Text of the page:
Once again, Jeep lives up to its reputation and builds a crossover with far more off-road capability than most of its owners will ever need. When the WK2 series was launched in 2011, it dramatically elevated the Grand Cherokee in refinement and cabin presentation while ceding nothing in off-road ability. Though the Grand Cherokee had always used unibody construction, the WK2 also took Jeep’s flagship SUV to new heights of on-road refinement and dynamic ability.
Grand Cherokee Trackhawk
For those Grand Cherokee buyers who do actually go off-road, there’s the off-road focussed Trailhawk which, like the posh Overland and Summit models, uses Jeep’s Quadra-Lift height-adjustable air suspension. There’s also three other four-wheel-drive systems available, though the Grand Cherokee can also be had with regular rear-wheel-drive. And for those who have absolutely no pretenses of going off-road and just want a high-performance crossover, there are the wild SRT and wilder SRT Trackhawk models, the latter of which uses the same 6.2 supercharged Hemi as the Dodge Challenger and Charger SRT Hellcats.
Though Jeep has missed a trick in not offering a three-row version of the Grand Cherokee (at least not yet), FCA did introduce a three-row platform-mate which resurrected the briefly dormant Dodge Durango name. Alas, while there’s an SRT Durango, there’s no Hellcat/Trackhawk counterpart; the Durango’s off-road ability is also shadowed by the slightly smaller Jeep. All Durangos, however, have a spacious cabin with a habitable third-row; the option of a Hemi V8 also makes it stand out in its segment. With the hotly-anticipated new Explorer on the scene, however, FCA will really have to bring it with the next Durango.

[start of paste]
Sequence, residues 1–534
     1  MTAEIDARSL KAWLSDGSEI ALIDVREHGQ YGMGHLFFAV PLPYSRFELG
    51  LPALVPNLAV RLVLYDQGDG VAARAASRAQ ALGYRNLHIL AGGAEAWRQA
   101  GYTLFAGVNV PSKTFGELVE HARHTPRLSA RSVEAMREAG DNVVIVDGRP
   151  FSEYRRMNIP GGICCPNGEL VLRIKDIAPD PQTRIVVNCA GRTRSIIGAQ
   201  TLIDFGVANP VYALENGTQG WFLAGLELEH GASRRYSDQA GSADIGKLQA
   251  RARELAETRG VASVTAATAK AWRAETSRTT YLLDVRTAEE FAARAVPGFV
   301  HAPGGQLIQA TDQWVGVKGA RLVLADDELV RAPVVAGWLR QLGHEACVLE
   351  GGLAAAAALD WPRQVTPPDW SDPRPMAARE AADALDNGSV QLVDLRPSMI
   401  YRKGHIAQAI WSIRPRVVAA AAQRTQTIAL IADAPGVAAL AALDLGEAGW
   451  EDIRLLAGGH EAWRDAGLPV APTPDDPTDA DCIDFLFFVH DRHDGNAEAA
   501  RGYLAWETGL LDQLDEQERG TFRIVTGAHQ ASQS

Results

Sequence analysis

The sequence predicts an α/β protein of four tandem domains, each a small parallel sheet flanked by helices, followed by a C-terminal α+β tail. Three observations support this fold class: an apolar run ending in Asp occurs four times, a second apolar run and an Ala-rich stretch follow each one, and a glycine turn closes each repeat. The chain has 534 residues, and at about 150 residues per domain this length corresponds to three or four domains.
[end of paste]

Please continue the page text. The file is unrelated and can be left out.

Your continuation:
Not all crossovers need to have any pretenses of going off-road. It should come as no surprise that one of the most popular crossovers with enthusiasts is one that doesn’t even resemble a crossover. The Flex looks more like a latter-day LTD Country Squire, long, boxy and upright with a cavernous interior.
That’s where the comparisons to Ford’s old station wagons end. The Flex offers all-wheel-drive and Ford’s powerful 3.5 twin-turbocharged EcoBoost V6. There’s also many of the safety features and luxury niceties expected in this class and then some: adaptive cruise control, an automated parallel parking system and four (!) sunroofs. Other crossovers have come along with greater refinement and superior cabin presentation but the Flex remains a steady seller, particularly in California. Alas, it’ll soon be discontinued, Ford focusing on the much more successful Explorer.